The entire federal unemployment tax is borne by the employer. There is no withholding or deductions made from employees. Companies usually use Federal Unemployment Tax Payable Account to recognize such a liability.
State unemployment taxes
These are all unemployment compensation programs in all states under SUTA (States Unemployment Tax Act. The tax works similarly to the federal taxes in providing benefits to the employees who lose their jobs. The basic rate of state unemployment taxes is usually 5.4% for the first $7,000 of wages paid to the employees.
The basic tax rate is adjusted to employer’s rating on experience.
There are 3 types of payroll entries;
- (A) Primary payroll entry
- (B) Accrued payroll entry
- (C) Manual check entry
Primary payroll entries
This type of entry is for initial payroll re coordination. It records wages earned by the employees, plus with holdings and any other additional tax owed by a given company. It’s the summary level entry compiled from the payroll register and is either recorded in general ledger or payroll journal.
The entries include debit for salaries, labor expenses and companies portion of payroll taxes which have not been paid, and the cash which has already been paid as the net pay.
There may arise other additional deduction in the payroll entries. Examples of such deductions may include life insurance, pension plus, vision insurance and health insurance.
Accrued payroll entries
It’s common to have some unpaid wages at each accounting period, and hence the expense should be accrued. Accrual entry is simpler than comprehensive payroll entry because all the payroll taxes are clumped into a single expense account, while liability account is offset.
After the entry has been made, the same should be reversed in the next accounting period, recording actual payroll expenses when they occur.
Manual paycheck entries
It’s quite common to create a manual check, either the company is laying off or firing its employees, or because the employee had short payments in prior payroll and hence is obligated for the person to get paid before the next payroll schedule.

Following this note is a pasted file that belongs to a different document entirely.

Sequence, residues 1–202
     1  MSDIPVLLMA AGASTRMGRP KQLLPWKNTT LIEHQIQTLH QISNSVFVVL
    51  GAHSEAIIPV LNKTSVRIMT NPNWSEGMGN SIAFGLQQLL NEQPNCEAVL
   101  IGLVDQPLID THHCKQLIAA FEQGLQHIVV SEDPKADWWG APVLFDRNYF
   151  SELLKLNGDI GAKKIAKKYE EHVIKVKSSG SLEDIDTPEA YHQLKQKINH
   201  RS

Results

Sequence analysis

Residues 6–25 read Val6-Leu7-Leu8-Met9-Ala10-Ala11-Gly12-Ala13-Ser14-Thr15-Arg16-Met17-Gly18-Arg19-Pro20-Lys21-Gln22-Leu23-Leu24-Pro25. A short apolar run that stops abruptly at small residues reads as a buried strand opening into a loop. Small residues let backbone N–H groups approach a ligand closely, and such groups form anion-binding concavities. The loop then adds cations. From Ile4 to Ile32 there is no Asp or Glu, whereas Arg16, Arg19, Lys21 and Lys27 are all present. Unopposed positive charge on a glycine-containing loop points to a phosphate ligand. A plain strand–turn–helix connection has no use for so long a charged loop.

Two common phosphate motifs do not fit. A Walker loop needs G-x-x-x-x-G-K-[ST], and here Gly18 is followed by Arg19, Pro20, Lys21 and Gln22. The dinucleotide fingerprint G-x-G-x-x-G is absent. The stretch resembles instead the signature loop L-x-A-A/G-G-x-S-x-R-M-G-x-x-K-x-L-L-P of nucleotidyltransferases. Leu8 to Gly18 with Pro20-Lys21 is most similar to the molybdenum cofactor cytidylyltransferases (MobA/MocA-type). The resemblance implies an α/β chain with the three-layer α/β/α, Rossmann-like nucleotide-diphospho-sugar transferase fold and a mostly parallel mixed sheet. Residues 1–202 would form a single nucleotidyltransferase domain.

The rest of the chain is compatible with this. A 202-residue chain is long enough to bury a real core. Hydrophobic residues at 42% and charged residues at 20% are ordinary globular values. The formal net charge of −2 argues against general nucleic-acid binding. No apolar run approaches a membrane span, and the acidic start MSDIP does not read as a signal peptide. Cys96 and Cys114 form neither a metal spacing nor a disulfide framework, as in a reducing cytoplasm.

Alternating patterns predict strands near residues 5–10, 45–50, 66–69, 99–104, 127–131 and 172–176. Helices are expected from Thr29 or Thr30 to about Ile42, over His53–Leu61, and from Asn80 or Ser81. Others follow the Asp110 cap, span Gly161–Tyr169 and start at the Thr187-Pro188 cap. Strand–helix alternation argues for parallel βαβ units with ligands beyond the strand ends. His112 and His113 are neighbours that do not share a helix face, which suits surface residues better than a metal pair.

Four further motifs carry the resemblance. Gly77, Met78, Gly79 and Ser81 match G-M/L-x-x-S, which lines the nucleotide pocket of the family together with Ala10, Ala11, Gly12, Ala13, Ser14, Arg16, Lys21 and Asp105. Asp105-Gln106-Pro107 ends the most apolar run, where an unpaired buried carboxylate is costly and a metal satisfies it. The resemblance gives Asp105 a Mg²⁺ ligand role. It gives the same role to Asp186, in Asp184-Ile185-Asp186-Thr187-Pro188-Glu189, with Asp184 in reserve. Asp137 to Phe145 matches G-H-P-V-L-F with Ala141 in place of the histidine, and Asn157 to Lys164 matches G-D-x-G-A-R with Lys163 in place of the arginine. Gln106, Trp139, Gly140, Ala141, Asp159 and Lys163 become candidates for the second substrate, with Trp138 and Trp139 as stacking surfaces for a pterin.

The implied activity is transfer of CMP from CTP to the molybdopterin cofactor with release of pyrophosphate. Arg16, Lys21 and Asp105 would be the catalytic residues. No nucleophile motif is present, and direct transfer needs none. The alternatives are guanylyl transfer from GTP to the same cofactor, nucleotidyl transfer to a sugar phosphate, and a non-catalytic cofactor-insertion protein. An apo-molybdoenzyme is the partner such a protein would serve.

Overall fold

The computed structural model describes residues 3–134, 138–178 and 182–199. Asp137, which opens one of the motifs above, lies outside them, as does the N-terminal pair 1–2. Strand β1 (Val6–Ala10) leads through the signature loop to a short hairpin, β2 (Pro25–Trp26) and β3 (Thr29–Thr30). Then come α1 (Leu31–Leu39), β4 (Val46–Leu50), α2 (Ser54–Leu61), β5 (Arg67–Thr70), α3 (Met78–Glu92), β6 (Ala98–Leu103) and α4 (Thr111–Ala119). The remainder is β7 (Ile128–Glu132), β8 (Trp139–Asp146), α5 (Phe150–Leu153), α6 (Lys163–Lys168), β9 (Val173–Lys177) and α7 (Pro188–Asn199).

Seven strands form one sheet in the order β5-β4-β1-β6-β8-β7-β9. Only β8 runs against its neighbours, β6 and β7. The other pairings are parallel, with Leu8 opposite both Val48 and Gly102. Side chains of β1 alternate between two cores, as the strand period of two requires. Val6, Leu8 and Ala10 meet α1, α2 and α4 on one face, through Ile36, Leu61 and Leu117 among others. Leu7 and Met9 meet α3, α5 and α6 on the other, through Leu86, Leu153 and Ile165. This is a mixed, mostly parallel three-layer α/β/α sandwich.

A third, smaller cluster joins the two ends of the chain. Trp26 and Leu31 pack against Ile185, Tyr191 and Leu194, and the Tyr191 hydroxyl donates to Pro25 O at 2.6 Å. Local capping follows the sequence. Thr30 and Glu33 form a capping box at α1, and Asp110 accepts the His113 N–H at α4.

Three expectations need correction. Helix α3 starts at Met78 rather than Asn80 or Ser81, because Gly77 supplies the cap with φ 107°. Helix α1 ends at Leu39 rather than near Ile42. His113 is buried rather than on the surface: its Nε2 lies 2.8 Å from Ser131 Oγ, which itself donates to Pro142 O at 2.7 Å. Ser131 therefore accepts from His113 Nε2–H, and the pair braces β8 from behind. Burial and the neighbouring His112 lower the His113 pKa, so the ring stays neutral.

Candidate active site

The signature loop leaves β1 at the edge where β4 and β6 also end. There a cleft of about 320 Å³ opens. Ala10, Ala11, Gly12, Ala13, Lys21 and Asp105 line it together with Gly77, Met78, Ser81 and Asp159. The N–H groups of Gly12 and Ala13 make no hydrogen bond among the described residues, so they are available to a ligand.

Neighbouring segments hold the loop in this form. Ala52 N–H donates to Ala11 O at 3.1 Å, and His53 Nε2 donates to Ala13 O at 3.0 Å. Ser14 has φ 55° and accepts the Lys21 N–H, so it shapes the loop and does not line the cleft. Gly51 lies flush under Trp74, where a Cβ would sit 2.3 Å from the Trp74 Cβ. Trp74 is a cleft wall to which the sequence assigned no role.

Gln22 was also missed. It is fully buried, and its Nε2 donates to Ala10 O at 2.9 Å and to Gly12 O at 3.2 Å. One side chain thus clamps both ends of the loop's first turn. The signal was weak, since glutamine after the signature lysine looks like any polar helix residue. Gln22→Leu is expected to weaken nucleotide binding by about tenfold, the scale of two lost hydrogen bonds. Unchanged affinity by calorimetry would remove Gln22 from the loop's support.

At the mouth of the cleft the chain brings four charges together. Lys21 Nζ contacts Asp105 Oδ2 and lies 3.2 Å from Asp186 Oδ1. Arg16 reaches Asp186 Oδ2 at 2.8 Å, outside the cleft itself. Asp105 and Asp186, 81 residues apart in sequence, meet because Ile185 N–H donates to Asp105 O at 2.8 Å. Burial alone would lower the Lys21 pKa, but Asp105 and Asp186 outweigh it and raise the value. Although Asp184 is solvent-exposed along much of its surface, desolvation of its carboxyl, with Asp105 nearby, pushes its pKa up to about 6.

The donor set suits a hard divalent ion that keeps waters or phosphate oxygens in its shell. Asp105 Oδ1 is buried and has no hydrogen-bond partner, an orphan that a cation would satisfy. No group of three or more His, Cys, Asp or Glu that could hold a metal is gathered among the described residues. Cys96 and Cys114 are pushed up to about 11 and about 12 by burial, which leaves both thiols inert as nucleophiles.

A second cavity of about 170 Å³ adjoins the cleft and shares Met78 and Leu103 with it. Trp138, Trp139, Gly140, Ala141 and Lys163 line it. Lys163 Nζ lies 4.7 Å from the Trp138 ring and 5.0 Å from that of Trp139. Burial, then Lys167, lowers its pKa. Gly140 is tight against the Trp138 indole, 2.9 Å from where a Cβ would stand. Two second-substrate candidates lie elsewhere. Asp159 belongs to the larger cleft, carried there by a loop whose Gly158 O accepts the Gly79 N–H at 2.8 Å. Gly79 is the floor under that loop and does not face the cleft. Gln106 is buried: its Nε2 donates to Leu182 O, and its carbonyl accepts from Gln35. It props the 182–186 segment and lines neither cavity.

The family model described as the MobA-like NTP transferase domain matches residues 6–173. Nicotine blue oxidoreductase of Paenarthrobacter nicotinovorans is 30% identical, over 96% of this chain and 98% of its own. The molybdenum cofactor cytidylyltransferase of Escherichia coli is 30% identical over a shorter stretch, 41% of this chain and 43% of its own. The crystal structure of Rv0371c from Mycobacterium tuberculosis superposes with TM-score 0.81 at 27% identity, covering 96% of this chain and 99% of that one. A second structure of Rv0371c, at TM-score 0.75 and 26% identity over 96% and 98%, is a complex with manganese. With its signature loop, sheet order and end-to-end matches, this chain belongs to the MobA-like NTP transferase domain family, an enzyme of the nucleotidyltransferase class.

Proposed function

The check may be paid through corporate account payable bank account, rather than from the payroll account and hence the entry should be made through account payable system. If it is recorded directly to the payroll journal or general ledger, the same line items should be used for t he entry of payroll journal.
This involves maintaining payroll departmental records, recognizing expenses and liabilities in payroll, and recording payment of payroll. A payroll record is similar to cash payments journals. It serves as a check register for payroll check recordings.
Maintaining payroll departmental records
An employer, in a means to comply with federal and state law, must keep cumulative record of every employee’s gross earnings, deductions and net pay, for each year. The record which contains such information is known as employees earning records.
Companies maintain separate records for each employee’s earnings and update them after each pay period. Employers use the cumulative payroll data earning records to;
- File state and federal payroll tax return
- Determine when employee has reached maximum earnings in accordance to FICA taxes requirements
- Provide employees with statements of their gross earnings as well as tax with holdings for the year
Most companies, in addition to employee’s earnings records, necessitate for preparation of payroll register. It accumulates the employees earning, deductions and net pay for each pay period.